Experts warn mass killings could continue if illegal gun trade is not addressed
The government needs to fulfil its promises of enhancing the crime-fighting capacity of law enforcement agencies made by President Cyril Ramaphosa during his January 8 ANC statement
More lives could be lost in mass shootings if the SA Police Service’s capacity and efforts to eliminate the illegal gun trade are not strengthened.
This is according to a policing analyst and an anti-crime non-governmental organisation who shed light on the growing phenomenon of mass shootings in the country.
Gun Free SA director Adèle Kirsten said the 18 people killed recently in the Eastern Cape in two mass shootings and the 16 killed with rifles in a tavern in Soweto last July would not be the last because of the growing illegal gun trade.
“It is clear government did not use the 2021 massacres to develop a plan to deal with gun violence or mass shootings because we have not seen changes. If there is a strategy, it is not effective,” Kirsten said.
She said in many cases when perpetrators of gun violence-related crimes are arrested, the weapons are not recovered.
“That gun continues to circulate and is used to kill more people. The pressure must be on the police to arrest and recover the guns. Police need to reduce the number of guns in our society. This was done before, in the early 2000s.”
Kirsten said most guns used by criminals are stolen from licensed owners. According to the organisation around 9,855 weapons are reported stolen every year.
“Guns are stolen from police stock, some come from cross border trade, and others are attained through corruption in law enforcement entities.”
Police commissioner Gen Fannie Masemola said killing police officers for their service pistols undermined the authority of the state.
Policing expert Dr Johan Burger said more mass shootings would happen if the capacity of the criminal justice system is not strengthened.
He said groups such as zama zamas fighting over illegal mining territory, taxi industry killings and “construction mafias” that demand protection fees from businesses could worsen the death toll. Recent crime statistics showed murder increased by 13.6% by September last year.
“SA faces a serious threat in terms of transnational organised crime. Our crime levels have been on the increase for more than a decade. ,” Burger said.
A syndicate demanding protection fees from businesses terrorised Mamelodi last year. The group, called Boko Haram, tormented the township. In 2021, eight people allegedly linked to the gang were killed, some shot dead in full view of their families and the public. No arrests were made.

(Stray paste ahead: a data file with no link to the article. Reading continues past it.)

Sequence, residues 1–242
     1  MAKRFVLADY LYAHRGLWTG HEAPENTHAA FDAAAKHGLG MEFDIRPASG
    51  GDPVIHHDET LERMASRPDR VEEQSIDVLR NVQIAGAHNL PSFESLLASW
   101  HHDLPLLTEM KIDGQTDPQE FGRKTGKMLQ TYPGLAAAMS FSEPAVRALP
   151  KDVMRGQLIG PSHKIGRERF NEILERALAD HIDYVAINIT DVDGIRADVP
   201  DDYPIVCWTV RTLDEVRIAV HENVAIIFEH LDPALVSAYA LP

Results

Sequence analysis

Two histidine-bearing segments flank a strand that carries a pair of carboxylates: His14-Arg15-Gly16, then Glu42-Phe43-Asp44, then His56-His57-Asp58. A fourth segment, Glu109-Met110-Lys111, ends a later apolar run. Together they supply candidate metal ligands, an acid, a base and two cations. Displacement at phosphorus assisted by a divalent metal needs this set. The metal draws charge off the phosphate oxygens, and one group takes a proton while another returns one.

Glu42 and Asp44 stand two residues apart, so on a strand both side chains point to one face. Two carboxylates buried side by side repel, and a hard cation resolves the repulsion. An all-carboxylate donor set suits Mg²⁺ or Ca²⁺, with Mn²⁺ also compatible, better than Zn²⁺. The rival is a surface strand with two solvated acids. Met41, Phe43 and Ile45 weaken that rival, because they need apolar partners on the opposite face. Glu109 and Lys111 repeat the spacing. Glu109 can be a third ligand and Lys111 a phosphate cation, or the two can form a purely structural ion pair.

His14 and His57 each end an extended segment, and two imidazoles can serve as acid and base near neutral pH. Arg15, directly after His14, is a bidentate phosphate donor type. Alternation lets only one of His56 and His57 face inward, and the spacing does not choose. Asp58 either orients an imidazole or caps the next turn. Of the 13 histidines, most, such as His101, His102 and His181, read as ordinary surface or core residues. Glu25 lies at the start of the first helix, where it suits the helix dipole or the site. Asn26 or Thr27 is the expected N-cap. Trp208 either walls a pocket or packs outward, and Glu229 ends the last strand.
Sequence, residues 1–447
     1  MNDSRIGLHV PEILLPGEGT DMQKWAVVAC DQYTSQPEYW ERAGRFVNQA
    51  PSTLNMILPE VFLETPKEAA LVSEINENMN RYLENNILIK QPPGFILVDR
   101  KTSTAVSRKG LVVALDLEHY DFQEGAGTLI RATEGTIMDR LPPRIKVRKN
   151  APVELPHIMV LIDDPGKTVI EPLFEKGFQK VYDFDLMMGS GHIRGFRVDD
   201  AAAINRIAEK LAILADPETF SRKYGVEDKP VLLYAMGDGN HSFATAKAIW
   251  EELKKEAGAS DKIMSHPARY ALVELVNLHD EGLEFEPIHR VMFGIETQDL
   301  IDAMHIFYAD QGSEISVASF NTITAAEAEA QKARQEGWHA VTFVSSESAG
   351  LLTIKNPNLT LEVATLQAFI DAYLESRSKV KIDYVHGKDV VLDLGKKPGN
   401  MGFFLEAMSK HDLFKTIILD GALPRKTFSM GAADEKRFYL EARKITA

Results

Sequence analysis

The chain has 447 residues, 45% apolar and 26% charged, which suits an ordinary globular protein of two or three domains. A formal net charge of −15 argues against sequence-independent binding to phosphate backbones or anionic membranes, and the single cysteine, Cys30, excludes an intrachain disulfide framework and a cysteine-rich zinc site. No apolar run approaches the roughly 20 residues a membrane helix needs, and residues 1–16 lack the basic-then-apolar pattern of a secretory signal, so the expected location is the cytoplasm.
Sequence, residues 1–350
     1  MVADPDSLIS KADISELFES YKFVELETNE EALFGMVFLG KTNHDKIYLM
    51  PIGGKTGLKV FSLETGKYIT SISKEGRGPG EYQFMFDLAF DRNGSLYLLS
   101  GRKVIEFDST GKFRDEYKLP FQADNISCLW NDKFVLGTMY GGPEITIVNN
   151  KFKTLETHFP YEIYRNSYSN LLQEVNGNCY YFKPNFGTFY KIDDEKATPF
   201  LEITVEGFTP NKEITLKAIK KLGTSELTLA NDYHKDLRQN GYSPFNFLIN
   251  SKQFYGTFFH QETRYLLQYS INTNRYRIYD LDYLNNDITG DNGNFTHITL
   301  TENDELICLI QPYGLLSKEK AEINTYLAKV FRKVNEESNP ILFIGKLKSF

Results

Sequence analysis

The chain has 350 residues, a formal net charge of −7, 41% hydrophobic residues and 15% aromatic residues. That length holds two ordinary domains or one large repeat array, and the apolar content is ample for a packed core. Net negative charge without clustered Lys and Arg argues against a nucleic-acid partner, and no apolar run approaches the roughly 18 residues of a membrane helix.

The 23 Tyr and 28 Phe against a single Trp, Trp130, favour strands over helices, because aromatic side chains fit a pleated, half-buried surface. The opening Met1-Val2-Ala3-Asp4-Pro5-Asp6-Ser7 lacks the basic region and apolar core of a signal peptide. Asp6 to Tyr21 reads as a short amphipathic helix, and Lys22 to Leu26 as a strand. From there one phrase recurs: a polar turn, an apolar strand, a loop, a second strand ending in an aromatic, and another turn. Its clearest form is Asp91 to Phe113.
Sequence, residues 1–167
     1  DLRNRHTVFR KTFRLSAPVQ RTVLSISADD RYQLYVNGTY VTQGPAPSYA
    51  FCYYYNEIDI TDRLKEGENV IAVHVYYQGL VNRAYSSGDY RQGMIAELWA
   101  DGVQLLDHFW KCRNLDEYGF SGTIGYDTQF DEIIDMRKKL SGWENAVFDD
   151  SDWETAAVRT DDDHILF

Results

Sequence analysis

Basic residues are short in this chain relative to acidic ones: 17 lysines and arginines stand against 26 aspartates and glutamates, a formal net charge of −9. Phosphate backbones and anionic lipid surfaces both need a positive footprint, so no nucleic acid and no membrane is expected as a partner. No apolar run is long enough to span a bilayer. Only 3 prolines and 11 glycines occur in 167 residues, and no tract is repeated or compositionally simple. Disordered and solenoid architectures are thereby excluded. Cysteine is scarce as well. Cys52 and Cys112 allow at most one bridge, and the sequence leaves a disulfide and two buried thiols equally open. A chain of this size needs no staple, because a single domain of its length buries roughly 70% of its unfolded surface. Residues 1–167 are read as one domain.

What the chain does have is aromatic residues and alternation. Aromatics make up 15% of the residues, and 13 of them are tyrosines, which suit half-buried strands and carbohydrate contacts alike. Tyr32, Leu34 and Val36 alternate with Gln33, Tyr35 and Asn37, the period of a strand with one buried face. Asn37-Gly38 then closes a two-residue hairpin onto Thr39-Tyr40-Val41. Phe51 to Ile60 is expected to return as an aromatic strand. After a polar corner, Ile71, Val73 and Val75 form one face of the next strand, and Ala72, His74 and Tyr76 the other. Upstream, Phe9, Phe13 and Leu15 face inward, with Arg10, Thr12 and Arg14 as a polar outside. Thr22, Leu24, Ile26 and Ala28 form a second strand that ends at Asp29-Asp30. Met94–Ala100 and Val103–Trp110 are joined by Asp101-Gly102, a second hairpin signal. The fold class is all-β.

Burger said police officers were understaffed and under-resourced and battled from corruption within the department.
“There is a growing gap between the number of officers we have for safety and security purposes and the size of the population. Recently they decreased the number of police officers by 13,000.”
Burger said the same problems affect the National Prosecuting Authority.
“The criminal justice system is under tremendous pressure because of the rise in crime and this is added to by the high rise in corruption exposed by the Zondo commission.
“With what remains of the capacity, is it sufficient to deal with the rise in crime, including mass shootings? The ANC acknowledges the criminal justice system does not have the capacity to fight the breakdown in security,” he said.
He said corruption in the police service weakened the department.
“Criminals saw the gaps within the justice system. They do not fear police. They believe they can get away with crime and that’s why there are high levels .”
Burger said to turn things around government needed to fulfil its promises of enhancing the crime-fighting capacity of law enforcement agencies made by President Cyril Ramaphosa during his January 8 ANC statement.
“The criminal justice system needs to rebuild its capacity, get rid of internal corruption, strengthen specialised police units and give them resources because there are units that do a good job.
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